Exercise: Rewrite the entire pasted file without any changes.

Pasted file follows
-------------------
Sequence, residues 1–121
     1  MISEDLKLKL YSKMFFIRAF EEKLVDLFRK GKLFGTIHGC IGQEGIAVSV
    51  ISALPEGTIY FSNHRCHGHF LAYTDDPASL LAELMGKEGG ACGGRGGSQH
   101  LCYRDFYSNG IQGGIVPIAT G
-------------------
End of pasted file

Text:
Sequence, residues 1–121
     1  MISEDLKLKL YSKMFFIRAF EEKLVDLFRK GKLFGTIHGC IGQEGIAVSV
    51  ISALPEGTIY FSNHRCHGHF LAYTDDPASL LAELMGKEGG ACGGRGGSQH
   101  LCYRDFYSNG IQGGIVPIAT G